On the Official Launch of Clean and Green Singapore 2010 on 30 Oct 09 evening, Prime Minister Lee Hsien Loong handed out awards to six new Community in Bloom Ambassadors. The CIB Ambassadors Award recognizes individuals who have contributed through various means and channels to foster the love for gardening among the people in Singapore. CIB Ambassadors are volunteers with passion, who go the extra mile, to help spread the gardening bug and help others enjoy gardening. They contribute time, effort and/or resources regularly and actively engage with the community to facilitate their gardening-based initiatives.
Community in Bloom Ambassadors for 2009 include (from left) Mdm Kwon Toh, Mr Richmond Tan, Mr Sharif Ahmad Jusof, Prime Minister Lee, Mdm Gina Ong, Mrs Helen Chan, and Mr Albert Quek. These six CIB Ambassadors per year, from the public, private and people sectors.
A brief profile of each CIB Ambassador is given below:
- Mr Albert Quek – Founder and facilitator of Gardening club, Yokogawa Engineering Asia Pte Ltd)
- Mdm Gina Ong Liat Wah – Leader, Laguna Park Condominium Gardening Club
- Mdm Helen Chan Jiat Mui – Teacher & Chairperson Environmental Committee, Telok Kurau Secondary School
- Mdm Kwoh Toh –Member, Jurong Central Zone G RC Community garden
- Mr Richmond Tan – Undergraduate, NTU and moderator of Green Culture Singapore online forum
- Mr Sharif Ahmad Jusof – Leader, Al-Istiqamah Gardening Club
The second edition of National Parks Board’s (NParks) publication “Trees of Our Garden City” was launched on 21 Oct 2009 at the ASEAN Conference on Biodiversity. Dr Ahmed Djoghlaf, Executive Secretary of the Convention on Biological Diversity under the United Nations Environment Programme (UNEP), launched the book at the conference’s welcome dinner.
Dr Djoghlaf, who penned the edition’s foreword, complimented the book and read out an excerpt from its first chapter “Our Garden City Story”, a brief history of tree planting since the founding of Singapore. He was also presented with a signed copy of the book by Mr Tee Swee Ping, the book’s team facilitator and editor.
This book is a must-buy for anyone who is keen in the trees that are part of Singapore’s landscape. Gardeners, horticulturists, teachers and students who want to learn more about the various species of trees commonly planted around Singapore should grab a copy. There is an addition of 70 species of trees and palms to the 80 from the previous edition! Although information on a large number of trees found in the book can be found on the Internet and various books, what I like about this book is that the information you are reading are put into the context and relevance of Singapore.
What I find particularly useful is the inclusion of some self-sown ‘wild trees’ in this edition which include the albizia (Falcataria moluccana), African tulip (Spathodea campanulata), wattle (Acacia auriculiformis), snakewood (Cecropia peltata) and rubber tree (Hevea brasiliensis) and the reader can now know why these are not or no longer planted by the authorities and are often seen in areas that are disturbed and left alone afterwards.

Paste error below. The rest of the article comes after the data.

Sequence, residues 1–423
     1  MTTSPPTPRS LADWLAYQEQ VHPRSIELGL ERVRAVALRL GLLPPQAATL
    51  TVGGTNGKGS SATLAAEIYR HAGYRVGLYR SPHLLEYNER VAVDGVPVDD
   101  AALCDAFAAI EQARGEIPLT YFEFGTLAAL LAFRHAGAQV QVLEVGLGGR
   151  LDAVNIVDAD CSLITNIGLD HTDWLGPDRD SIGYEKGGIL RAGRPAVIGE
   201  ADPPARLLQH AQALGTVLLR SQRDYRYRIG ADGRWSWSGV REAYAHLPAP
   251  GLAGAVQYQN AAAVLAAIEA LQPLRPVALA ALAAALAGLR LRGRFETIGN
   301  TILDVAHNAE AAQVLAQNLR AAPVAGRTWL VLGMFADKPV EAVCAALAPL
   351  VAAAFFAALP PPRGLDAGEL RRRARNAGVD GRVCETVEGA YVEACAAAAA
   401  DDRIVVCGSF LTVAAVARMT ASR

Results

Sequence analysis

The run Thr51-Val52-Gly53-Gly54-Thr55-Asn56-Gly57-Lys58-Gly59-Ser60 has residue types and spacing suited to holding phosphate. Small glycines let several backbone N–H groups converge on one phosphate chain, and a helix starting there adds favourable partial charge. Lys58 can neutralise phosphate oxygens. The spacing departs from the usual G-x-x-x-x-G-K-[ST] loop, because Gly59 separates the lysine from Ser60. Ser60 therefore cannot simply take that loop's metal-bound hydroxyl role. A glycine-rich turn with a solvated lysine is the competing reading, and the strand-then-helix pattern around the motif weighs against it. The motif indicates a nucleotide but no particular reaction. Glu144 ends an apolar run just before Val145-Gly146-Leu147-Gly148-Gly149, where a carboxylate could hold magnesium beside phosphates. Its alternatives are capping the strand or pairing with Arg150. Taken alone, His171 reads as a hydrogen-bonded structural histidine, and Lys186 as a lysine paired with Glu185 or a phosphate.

This second edition of Trees of Our Garden City includes various new chapters such as tree care, function of trees in Singapore, including tree biology and trees and the environment. Many people have always asked me how they should plant a tree in their garden and care for it. I am glad this book has appeared where the public can now refer to it for guidance. Planting a tree involves more than just digging a hole and plonking the sapling into it! Read up the chapter on tree care to know more on the various aspects of growing trees such as tree planting, tree pruning, tree inspection, pests and diseases and tree conservation.
There is also an important chapter for all Singaporeans to read which is the ‘Our Garden City Story’. It details how Singapura was turned into a Garden City in a short span of 190 years! The format of this book is also revamped to make it reader-friendly. The reader can look forward to seeing many colourful photos too. Trees of Our Garden City (2nd edition) can be purchased at the Singapore Botanic Gardens Library Shop, and at major bookstores from the first week of November. Its retail price is $35.
On two days in mid-September, I was asked to be a trainer and demonstrator for container gardening where I will show 2 couples how they can select, combine and display a variety of plants together in a dish garden. The entire process was put on film for a variety programme named “Kata Dulang Paku Serpih” that will be broadcasted on Suria. The filming took place at the Lab at HortPark.
For my demonstration, I used a variety of houseplants with attractive variegated leaves which include the variegated rubber plant (Peperomia obtusifolia ‘Variegata’), red nerve plant (Fittonia verschaffeltii cultivar), English ivy (Hedera helix) and the satin pothos (Scindapsus pictus). To add height and some more colour, I also used two flowering flamingo flower plants (Anthurium andraeanum cultivar) for my work.
The end product of my demonstration resulted in a dish garden shown in the photograph above. I used a container that has been woven out of dried stems for its unique appearance with an interesting texture. The center of attention were the two flamingo flower plants. Below these two plants are shorter plants with variegated foliage to add some splashes of colour to the green leaves of the flamingo flower plants. To soften the look of the container, some trailing English ivy plants were used. This container garden is still looking great and is on display in HortPark’s Lifestyle Corner.
I conceived of four different container gardens for the two couples to choose from. Two were dish gardens based on cacti and succulents. The third one was an Asian culinary herb garden and the last container garden comprise various tropical houseplants. The completed dish gardens are shown in the photograph below.
The aim of making container gardens was to allow partners to show their appreciation for each other. Interviews were done and process of making the container gardens were broadcasted on 14 Oct 09 at 8.30 pm and 15 Oct 09 at 7.30 pm.
The last instalment for the Root Awakening column for October 2009 was published yesterday. The first question of the usual three asked about the care of cacti in the tropics. Cacti, in general, are sun-loving plants that require a location with direct sunshine to grow well. If one are growing them in an apartment, place your cacti either on a sunny windowsill or corridor. Make sure they get some direct sunshine for at least 4 hours daily.